Problems with job control and tcsh

Problems with job control and tcsh

Post by Clifton Ko » Tue, 14 Sep 1993 13:28:51



  When I invoke tcsh from a serial login, I get the message:

Warning: no access to tty (Bad file number).
Thus no job control in this shell.

  I don't have a clue what this error is.  I'm using tcsh-6.04, which is the
latest and greates, as far as I know.  Anyone know how to fix this?

  Thanks,
  Cliff

--
-----------------------------------------------------------------------------
    Cliff Koch
    Motorola Cellular Infrastructure Division

 
 
 

Problems with job control and tcsh

Post by Frank Lofa » Wed, 15 Sep 1993 02:55:43



>  When I invoke tcsh from a serial login, I get the message:

>Warning: no access to tty (Bad file number).
>Thus no job control in this shell.

>  I don't have a clue what this error is.  I'm using tcsh-6.04, which is the
>latest and greates, as far as I know.  Anyone know how to fix this?

>  Thanks,
>  Cliff

        It means tcsh doesn't have a controlling tty, so it can't do the
operations it needs to do to implement job control. That seems to happen if
you use a /dev/cua? line for logins instead of a /dev/ttyS? line. To fix it,
make getty spawn on the call-in device (/dev/ttyS?), not the call-out device
(/dev/cua?). E.g. if you run getty on /dev/cua1, run it on /dev/ttyS1 instead.
I hope this helps.

 
 
 

1. POSIX job control (was Re: Problems with tcsh 6.00 and SCO Unix)


This sounds like The Return of the POSIX Job Control Monster.

The POSIX setpgid() call refuses to allow a process to join a process
group that lacks a living process group leader.  I'll bet that the
internal command -- which, as the first command in the pipeline, is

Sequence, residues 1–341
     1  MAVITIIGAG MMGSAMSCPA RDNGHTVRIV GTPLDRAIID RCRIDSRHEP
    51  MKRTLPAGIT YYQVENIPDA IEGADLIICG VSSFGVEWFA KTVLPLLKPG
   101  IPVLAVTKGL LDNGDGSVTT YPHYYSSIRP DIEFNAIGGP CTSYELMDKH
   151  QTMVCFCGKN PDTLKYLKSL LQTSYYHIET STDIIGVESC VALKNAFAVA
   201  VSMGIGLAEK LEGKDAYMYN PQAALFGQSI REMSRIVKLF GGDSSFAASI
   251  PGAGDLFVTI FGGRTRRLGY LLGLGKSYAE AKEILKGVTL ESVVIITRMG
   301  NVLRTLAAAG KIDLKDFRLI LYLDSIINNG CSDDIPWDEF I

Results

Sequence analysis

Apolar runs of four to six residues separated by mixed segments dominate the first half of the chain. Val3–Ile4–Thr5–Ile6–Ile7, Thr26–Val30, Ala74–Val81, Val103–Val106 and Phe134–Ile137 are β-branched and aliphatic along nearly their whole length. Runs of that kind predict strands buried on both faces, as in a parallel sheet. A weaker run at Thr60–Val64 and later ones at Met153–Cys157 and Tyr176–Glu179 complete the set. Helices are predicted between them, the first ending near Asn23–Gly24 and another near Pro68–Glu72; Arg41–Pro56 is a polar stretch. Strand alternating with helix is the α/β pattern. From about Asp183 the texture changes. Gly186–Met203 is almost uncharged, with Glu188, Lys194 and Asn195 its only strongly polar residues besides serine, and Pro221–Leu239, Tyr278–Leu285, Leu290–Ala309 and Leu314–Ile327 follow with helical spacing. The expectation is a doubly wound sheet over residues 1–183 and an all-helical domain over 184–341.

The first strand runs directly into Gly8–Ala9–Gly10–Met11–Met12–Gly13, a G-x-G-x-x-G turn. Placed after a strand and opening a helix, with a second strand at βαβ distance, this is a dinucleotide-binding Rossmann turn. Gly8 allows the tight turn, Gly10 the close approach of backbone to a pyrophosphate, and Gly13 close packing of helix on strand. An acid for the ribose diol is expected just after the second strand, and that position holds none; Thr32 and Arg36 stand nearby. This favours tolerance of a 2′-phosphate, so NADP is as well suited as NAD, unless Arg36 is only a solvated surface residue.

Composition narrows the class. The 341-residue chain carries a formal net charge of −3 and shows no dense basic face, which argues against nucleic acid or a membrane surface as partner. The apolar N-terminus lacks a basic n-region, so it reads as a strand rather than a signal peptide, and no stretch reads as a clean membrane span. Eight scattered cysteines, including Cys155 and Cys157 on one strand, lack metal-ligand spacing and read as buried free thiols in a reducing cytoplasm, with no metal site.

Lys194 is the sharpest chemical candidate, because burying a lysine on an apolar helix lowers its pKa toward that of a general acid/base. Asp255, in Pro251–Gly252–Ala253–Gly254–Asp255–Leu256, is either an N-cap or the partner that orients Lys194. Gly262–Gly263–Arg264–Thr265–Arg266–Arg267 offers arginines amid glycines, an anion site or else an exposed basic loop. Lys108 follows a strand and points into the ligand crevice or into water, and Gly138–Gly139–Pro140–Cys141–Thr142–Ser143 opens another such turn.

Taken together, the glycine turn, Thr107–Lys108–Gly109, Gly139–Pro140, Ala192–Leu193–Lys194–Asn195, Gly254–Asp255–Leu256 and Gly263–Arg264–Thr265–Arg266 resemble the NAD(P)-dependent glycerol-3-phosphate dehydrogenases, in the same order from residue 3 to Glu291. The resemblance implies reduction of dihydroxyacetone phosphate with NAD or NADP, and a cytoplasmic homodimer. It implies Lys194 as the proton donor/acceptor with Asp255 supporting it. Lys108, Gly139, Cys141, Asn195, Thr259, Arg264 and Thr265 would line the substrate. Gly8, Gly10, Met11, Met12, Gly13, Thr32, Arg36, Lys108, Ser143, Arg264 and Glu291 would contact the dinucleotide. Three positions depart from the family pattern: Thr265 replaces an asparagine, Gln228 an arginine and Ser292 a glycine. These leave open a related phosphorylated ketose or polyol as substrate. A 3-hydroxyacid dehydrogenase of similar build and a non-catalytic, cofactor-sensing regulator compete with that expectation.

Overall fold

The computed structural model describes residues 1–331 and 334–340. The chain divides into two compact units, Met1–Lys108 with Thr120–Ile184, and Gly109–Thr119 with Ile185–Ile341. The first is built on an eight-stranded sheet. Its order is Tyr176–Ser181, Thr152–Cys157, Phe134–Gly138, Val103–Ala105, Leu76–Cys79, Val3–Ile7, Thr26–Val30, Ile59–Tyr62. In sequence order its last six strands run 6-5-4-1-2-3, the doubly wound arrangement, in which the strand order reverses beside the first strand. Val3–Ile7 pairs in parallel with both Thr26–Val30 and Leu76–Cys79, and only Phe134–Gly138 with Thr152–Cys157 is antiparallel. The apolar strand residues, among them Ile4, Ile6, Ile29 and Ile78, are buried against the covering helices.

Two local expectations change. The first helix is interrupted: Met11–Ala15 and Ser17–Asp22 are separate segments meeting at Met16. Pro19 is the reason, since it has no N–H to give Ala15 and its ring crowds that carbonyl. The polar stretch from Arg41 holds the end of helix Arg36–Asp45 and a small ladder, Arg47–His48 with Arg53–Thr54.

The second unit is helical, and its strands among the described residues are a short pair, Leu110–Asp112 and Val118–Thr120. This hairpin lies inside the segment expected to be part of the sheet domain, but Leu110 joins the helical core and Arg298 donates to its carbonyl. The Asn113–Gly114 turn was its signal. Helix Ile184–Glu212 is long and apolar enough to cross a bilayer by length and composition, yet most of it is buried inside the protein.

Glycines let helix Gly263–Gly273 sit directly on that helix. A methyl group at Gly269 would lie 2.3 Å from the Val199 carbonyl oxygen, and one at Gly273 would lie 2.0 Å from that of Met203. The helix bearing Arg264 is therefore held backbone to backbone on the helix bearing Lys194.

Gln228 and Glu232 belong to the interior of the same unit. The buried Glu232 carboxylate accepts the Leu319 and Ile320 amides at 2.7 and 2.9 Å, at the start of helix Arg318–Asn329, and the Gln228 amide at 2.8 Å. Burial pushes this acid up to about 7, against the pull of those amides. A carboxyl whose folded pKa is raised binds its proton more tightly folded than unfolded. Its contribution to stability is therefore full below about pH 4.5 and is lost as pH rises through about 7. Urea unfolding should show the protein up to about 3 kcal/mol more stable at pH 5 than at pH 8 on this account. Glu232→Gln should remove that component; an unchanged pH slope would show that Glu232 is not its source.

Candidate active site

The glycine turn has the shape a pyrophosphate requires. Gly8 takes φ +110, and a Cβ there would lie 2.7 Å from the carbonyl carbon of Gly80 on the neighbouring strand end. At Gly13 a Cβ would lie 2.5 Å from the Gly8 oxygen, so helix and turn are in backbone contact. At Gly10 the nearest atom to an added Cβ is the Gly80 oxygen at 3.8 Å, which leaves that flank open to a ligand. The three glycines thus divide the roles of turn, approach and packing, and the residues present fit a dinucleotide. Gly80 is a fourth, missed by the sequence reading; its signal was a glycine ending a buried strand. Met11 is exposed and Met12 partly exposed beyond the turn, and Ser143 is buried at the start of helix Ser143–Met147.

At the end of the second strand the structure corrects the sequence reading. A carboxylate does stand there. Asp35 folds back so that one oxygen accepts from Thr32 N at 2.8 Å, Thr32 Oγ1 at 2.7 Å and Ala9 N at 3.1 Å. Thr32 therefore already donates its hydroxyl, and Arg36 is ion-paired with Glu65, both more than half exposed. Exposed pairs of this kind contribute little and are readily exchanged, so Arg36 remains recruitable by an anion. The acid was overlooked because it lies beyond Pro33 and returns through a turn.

the process group leader -- is running and exiting before the other
command(s) in the pipeline can be spawned and join its process group.

I know about this problem because Bash used to have it.  Current Bash
versions include a rather hackish workaround of my invention involving
pipe(), read() and close().  It ensures that a pipeline's process
group leader continues to exist while its other processes are spawned.

Not only is this solution ugly; it fails on SCO UNIX.  When the
process group leader dies and the pipeline is backgrounded, the
pipeline cannot be restarted, because it is impossible to give the tty
to a process group that lacks a living process group leader.  The
documentation as well as tests with AIX 3.1 demonstrate that this is a
genuine SCO bug and not a POSIX botch.

I think a better fix would make the *last* process in the pipeline be
the process group leader.  This change would fix the internal command
pipeline bug.  It would also make sense, since the last process in a
pipeline is typically the last one to die.
--

 "You can make use of the fact that UDP does not provide `reliable and
  efficient streams' to eliminate the state, but then you are unreliable
  and inefficent.  There Ain't No Such Thing As A Free Lunch." -- Chris Torek

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